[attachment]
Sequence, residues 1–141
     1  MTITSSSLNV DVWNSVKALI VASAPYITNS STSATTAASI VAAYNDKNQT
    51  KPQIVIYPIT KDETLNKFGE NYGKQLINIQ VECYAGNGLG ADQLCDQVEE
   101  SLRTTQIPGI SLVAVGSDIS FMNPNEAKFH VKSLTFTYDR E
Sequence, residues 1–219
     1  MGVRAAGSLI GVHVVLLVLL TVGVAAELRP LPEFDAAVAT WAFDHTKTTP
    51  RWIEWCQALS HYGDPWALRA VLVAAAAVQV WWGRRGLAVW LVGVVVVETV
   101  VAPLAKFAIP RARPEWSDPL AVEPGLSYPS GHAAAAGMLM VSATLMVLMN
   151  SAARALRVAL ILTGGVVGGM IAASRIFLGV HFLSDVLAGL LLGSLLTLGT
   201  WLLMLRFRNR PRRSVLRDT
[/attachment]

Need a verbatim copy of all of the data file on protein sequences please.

Sequence, residues 1–141
     1  MTITSSSLNV DVWNSVKALI VASAPYITNS STSATTAASI VAAYNDKNQT
    51  KPQIVIYPIT KDETLNKFGE NYGKQLINIQ VECYAGNGLG ADQLCDQVEE
   101  SLRTTQIPGI SLVAVGSDIS FMNPNEAKFH VKSLTFTYDR E
Sequence, residues 1–219
     1  MGVRAAGSLI GVHVVLLVLL TVGVAAELRP LPEFDAAVAT WAFDHTKTTP
    51  RWIEWCQALS HYGDPWALRA VLVAAAAVQV WWGRRGLAVW LVGVVVVETV
   101  VAPLAKFAIP RARPEWSDPL AVEPGLSYPS GHAAAAGMLM VSATLMVLMN
   151  SAARALRVAL ILTGGVVGGM IAASRIFLGV HFLSDVLAGL LLGSLLTLGT
   201  WLLMLRFRNR PRRSVLRDT